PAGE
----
• Major life stress, such as the death or serious illness of a loved one
  • A traumatic event, such as sexual assault or a serious accident
  • Major changes in your life, such as a divorce or the addition of a baby
  • Smoking or excessive caffeine intake
  • History of childhood physical or sexual abuse

Left untreated, panic attacks and panic disorder can affect almost every area of your life. You may be so afraid of having more panic attacks that you live in a constant state of fear, ruining your quality of life.

Complications that panic attacks may cause or be linked to include:

  • Development of specific phobias, such as fear of driving or leaving your home
  • Frequent medical care for health concerns and other medical conditions
  • Avoidance of social situations
  • Problems at work or school
  • Depression, anxiety disorder and other psychiatric disorders
  • Increased risk of suicide or suicidal thoughts
  • Alcohol or other substance misuse
  • Financial problems

For some people, panic disorder may include agoraphobia — avoiding places or situations that cause you anxiety because you fear not being able to escape or get help if you have a panic attack. Or you may become reliant on others to be with you in order to leave your home.

If you’ve had signs or symptoms of a panic attack, make an appointment with your primary care provider. After an initial evaluation, your doctor may refer you to a psychiatrist or psychologist for treatment.

Symptoms of Panic attack

A panic attack begins suddenly, and most often peaks within 10 to 20 minutes. Some symptoms continue for an hour or more. A panic attack may be mistaken for a heart attack.

A person with panic disorder often lives in fear of another attack, and may be afraid to be alone or far from medical help.

People with panic disorder have at least 4 of the following symptoms during an attack:

  • Chest pain or discomfort
  • Dizziness or feeling faint
  • Fear of dying
  • Fear of losing control or impending doom
  • Feeling of choking
  • Feelings of detachment
  • Feelings of unreality
  • Nausea or upset stomach
  • Numbness or tingling in the hands, feet, or face
  • Palpitations, fast heart rate, or pounding heart
  • Sensation of shortness of breath or smothering
  • Sweating, chills, or hot flashes
  • Trembling or shaking

Panic attacks may change behavior and function at home, school, or work. People with the disorder often worry about the effects of their panic attacks.

People with panic disorder may abuse alcohol or other drugs. They may feel sad or depressed.

Panic attacks cannot be predicted. At least in the early stages of the disorder, there is no trigger that starts the attack. Recalling a past attack may trigger panic attacks.

Exams and Tests for Panic attack

Many people with panic disorder first seek treatment in the emergency room. This is because the panic attack often feels like a heart attack.

The health care provider will perform a physical exam and a mental health assessment.

Blood tests will be done. Other medical disorders must be ruled out before panic disorder can be diagnosed. Disorders related to substance use will be considered because symptoms can resemble panic attacks.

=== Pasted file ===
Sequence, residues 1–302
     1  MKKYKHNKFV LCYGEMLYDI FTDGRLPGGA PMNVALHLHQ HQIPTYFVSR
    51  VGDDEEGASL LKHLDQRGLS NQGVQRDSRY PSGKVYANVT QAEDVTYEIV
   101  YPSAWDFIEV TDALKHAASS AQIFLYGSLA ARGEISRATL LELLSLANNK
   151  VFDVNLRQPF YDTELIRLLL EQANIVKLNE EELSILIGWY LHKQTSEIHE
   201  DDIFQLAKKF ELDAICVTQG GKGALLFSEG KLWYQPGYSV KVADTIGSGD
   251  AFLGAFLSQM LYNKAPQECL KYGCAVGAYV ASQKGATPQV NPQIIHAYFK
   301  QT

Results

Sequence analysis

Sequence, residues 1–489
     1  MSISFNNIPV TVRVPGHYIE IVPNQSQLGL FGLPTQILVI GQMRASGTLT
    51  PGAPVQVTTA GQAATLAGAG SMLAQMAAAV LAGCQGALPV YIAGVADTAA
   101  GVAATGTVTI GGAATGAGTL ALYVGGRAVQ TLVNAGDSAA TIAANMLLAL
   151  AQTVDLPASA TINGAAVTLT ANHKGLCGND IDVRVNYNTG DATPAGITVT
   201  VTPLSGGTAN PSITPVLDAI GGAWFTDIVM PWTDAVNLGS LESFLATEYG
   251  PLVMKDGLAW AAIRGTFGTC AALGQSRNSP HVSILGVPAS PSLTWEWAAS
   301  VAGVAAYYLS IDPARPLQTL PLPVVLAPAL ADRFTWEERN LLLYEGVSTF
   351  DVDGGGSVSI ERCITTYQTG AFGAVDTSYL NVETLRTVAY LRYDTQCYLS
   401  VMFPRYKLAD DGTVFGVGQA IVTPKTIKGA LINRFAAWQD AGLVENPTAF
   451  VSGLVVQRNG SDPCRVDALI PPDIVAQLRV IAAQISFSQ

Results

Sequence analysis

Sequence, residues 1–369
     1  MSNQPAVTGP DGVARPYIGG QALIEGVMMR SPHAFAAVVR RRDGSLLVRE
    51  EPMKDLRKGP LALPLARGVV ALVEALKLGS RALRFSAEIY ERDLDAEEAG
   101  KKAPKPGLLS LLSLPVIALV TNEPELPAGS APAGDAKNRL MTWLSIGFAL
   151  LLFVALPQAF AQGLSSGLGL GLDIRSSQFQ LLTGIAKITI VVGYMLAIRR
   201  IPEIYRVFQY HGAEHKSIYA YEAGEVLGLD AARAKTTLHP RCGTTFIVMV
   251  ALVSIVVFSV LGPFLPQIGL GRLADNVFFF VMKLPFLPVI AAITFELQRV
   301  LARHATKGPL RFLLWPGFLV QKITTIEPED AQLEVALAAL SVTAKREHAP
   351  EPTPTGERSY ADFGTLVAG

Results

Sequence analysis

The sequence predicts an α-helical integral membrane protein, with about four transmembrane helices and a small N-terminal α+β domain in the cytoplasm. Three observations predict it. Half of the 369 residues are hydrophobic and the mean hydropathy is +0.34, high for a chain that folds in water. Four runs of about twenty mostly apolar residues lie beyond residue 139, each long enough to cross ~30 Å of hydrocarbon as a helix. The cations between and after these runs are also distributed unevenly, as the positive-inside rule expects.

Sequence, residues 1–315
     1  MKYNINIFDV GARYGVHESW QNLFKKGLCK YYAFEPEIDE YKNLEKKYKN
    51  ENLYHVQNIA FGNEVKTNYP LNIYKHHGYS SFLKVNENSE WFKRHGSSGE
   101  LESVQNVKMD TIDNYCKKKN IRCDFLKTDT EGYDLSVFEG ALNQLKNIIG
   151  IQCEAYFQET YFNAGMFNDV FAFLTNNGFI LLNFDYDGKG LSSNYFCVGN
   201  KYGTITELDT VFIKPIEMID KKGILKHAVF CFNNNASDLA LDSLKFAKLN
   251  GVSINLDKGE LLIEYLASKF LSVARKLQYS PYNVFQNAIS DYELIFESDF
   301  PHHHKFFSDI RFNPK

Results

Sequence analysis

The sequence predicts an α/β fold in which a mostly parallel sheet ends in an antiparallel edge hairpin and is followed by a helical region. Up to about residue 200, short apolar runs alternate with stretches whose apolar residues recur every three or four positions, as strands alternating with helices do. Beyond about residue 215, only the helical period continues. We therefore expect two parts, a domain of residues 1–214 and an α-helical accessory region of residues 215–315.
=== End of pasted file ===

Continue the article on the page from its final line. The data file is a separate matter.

Treatment for Panic attack

The goal of treatment is to help you function well during everyday life. Using both medicines and talk therapy works best.

Certain medicines, usually used to treat depression, may be very helpful for this disorder. They work by preventing your symptoms or making them less severe. You must take these medicines every day. DO NOT stop taking them without talking with your provider.

Medicines called sedatives or hypnotics may also be prescribed.

  • These medicines should only be taken under a doctor’s direction.
  • Your doctor will prescribe a limited amount of these drugs. They should not to be used everyday.
  • They may be used when symptoms become very severe or when you are about to be exposed to something that always brings on your symptoms.
  • If you are prescribed a sedative, do not drink alcohol while on this medicine.

Talk therapy (cognitive-behavioral therapy, or CBT) helps you understand your behaviors and how to change them. During therapy you will learn how to:

  • Understand and control distorted views of life stressors, such as other people’s behavior or life events.
  • Recognize and replace thoughts that cause panic and decrease the sense of helplessness.
  • Manage stress and relax when symptoms occur.
  • Imagine the things that cause the anxiety, starting with the least fearful. Practice in real-life situations to help you overcome your fears.

The following may also help reduce the number or severity of panic attacks:

  • Not drinking alcohol
  • Eating at regular times
  • Getting plenty of exercise
  • Getting enough sleep
  • Reducing or avoiding caffeine, certain cold medicines, and stimulants

Support Groups for Panic Attack and Panic Disorder

You can ease the stress of having panic disorder by joining a support group. Sharing with others who have common experiences and problems can help you not feel alone.

Support groups are usually not a good substitute for talk therapy or taking medicine, but can be a helpful addition.

Resources for more information include:

  • Anxiety and Depression Association of America: www.adaa.org
  • National Institute of Mental Health: www.nimh.nih.gov/health/publications/panic-disorder-when-fear-overwhelms/index.shtml

References   [ + ]